Food prices surge higher as economy declines

Jackie Mantey

Families, businesses feeling effects of highest food inflation in 17 years

With all the focus on gas prices and the housing bust, the steady rise in food prices has been starved of attention in discussions regarding the economy.

But the U.S. Department of Labor reported last Wednesday in its monthly Consumer Price Index Summary that U.S. families’ spending on food and beverages last month was 4.4 percent higher than March of last year, making food the latest concern in the declining economy.

The bottom line is that the United States is battling the largest rate of food inflation in 17 years, according to Lakshman Achuthan, managing director of the Economic Cycle Research Institute.

According to the Department of Agriculture, consumers in the States are paying 25 percent more for eggs, 13 percent more for milk and 7 percent more for chicken than they did a year ago.

In spite of these national averages, Giant Eagle Inc., which has two locations in or near Kent, docked its prices on 1,400 products on April 17. A majority of these price cuts were on food items.

“This decision was made primarily to help our customers during hard economic times,” said Nicole Miller, a spokesperson for Giant Eagle.

Large stores such as Giant Eagle have been able to cut prices despite the increases because of the large quantities they purchase from retailers and producers, Miller said.

Local businesses, however, haven’t had that luxury.

Judy Lanfranchi has owned and operated Judy’s Sweet Sensations, a cake delivery store in Kent, for more than 20 years. Lanfranchi said in those two decades, this past year was the worst when it came to increased prices of supplies for her products. She, in turn, had to up her prices in February. This, coupled with other factors — all associated with the cycle spawned from the quick downturn of the economy — has hurt her business.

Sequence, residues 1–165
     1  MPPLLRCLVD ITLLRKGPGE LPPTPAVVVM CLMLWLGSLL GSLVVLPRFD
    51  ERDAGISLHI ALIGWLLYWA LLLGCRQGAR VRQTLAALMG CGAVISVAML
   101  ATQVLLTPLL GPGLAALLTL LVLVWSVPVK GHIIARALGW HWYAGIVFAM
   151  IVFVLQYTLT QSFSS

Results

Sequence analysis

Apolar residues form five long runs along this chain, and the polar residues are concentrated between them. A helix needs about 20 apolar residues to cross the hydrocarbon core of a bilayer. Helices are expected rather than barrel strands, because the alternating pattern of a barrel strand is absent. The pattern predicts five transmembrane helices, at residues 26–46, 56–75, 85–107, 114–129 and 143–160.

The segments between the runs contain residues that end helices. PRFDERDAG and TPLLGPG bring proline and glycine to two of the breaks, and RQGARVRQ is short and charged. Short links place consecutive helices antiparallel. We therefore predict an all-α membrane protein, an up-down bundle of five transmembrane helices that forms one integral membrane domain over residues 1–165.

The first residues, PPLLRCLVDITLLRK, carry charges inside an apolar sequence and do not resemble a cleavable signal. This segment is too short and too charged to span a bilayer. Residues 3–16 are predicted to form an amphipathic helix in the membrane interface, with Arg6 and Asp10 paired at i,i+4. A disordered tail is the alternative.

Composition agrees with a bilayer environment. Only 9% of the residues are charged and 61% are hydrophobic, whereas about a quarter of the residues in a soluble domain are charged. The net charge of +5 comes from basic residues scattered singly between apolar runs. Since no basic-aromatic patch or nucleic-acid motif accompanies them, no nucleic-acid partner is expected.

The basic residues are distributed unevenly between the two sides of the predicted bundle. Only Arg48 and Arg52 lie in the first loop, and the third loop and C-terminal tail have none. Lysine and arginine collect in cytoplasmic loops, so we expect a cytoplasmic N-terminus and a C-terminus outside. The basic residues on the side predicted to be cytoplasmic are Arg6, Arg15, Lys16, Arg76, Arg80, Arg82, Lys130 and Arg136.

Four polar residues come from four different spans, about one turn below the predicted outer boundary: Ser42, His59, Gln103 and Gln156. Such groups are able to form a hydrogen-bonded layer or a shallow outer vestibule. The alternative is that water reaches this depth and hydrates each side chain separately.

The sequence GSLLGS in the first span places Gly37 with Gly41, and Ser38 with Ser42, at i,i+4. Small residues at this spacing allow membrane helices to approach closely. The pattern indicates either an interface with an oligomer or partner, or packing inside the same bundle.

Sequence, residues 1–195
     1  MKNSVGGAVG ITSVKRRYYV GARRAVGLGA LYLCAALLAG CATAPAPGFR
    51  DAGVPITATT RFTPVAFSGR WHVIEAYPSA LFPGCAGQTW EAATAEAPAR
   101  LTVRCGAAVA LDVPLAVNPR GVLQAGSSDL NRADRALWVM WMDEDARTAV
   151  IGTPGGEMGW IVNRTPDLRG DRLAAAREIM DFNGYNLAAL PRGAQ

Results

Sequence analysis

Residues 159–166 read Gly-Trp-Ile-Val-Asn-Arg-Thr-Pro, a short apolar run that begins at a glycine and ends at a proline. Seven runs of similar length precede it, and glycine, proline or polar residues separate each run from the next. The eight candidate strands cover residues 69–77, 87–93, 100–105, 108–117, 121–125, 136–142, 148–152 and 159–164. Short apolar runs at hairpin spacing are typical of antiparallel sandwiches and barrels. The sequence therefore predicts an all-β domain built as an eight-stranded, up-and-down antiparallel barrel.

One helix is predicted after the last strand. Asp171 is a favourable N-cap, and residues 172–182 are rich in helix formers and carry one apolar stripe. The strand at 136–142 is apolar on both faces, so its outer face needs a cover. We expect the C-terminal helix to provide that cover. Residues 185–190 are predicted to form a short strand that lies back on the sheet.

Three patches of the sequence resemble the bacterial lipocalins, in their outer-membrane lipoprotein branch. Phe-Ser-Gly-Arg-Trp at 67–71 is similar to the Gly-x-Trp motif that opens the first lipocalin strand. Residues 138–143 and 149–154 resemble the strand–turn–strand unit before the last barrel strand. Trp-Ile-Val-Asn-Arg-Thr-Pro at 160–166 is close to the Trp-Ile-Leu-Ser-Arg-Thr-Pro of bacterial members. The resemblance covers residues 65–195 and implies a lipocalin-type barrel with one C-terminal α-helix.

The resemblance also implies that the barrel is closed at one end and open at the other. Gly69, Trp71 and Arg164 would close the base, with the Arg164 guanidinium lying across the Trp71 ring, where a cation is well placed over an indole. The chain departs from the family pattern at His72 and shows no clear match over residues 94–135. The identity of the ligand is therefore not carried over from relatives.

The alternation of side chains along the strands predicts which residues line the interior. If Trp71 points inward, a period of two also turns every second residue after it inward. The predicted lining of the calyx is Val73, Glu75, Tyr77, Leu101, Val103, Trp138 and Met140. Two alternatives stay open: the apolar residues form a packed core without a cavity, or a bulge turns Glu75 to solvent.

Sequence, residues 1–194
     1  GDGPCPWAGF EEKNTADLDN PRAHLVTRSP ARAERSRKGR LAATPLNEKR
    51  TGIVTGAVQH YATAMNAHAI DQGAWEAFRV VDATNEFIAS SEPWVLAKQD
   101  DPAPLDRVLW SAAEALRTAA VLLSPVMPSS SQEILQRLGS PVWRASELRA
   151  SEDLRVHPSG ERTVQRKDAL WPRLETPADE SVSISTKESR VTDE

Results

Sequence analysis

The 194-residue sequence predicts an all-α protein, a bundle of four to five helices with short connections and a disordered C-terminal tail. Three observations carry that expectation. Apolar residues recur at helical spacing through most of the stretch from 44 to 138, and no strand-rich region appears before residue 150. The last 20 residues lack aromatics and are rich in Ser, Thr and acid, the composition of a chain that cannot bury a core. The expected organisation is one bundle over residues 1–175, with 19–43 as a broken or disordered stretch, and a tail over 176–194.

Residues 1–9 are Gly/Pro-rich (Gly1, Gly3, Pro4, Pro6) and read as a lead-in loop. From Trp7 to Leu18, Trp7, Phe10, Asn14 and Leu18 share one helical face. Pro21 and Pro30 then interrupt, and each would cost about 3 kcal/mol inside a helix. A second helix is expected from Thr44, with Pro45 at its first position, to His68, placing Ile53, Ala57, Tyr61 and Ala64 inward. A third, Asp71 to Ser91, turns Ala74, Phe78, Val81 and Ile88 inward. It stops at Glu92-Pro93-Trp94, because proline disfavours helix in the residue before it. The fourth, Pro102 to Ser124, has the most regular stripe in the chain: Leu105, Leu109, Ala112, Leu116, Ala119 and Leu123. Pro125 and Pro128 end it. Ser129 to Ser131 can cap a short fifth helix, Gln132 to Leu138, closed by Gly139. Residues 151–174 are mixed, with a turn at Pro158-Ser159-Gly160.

“I think people are really pulling in the purse strings and trying to figure out a better way to stretch the declining dollar,” she says. “Small businesses definitely are hurt more as we can’t buy in large quantities to offset the increased costs such as larger companies can do. We typically have a smaller customer base of course, so when money gets tight, our profit margins shrink for lack of business.”

The reasons behind the rising food costs nationwide are numerous, but Achuthan said they’re creating a hybrid of a monster now because they’re all converging at once.

Those reasons, according to Achuthan, include the following: globalization, which is the inclusion of developing nations into the world economy as sources of production, has grown, creating large workforces in countries that now have more money to buy food; a weaker dollar is driving prices upward as the United States increases imports; higher gas prices rise food production costs; and ethanol fuel programs create a demand for corn which makes corn prices higher, which leads some to up prices for other products such as meat and dairy.

As prices go up, so do concerns.

“I am very worried about the immediate future as there seems to be no end in sight for lower gas prices, and that factor alone is literally driving us out of business from all angles,” Lanfranchi said, adding that because Judy’s delivers, gas has upped the delivery charges for customers. “Every product on the market is costing more to transport to suppliers so the cost basis just keeps going up. I wish I were more optimistic, but it is a bit bleak right now for many companies — small and large.”

Bleak is also a word that could describe how individual families are feeling. An increase of nearly 2,000 cases of Portage County families using food stamps was reported in just six years, according to a recent report from the Ohio Department of Job and Family Services. Statewide reports garner the highest number of citizens needing food stamps in Ohio’s history. The Portage County Department of Job and Family Services expects that number to continue.

An influx in food stamps isn’t the only consequence of inflation, Achuthan said. Companies will start to see families putting off spending on discretionary items such as cars and home appliances or skipping the Starbucks latte for a regular cup of coffee in order to keep food on the table; however, there’s a silver lining to that cloud.

“This downward pressure on consumer spending is part of the U.S. recession story,” he said. “This will bring down the cost of discretionary items, like cars, TVs, and even Starbucks coffee.”

But hold on for the bumpy ride that doesn’t yet have an end in sight, he adds. “The credit crunch will eventually pass. But while it remains, it will help keep prices.”

Contact public affairs reporter Jackie Mantey at [email protected].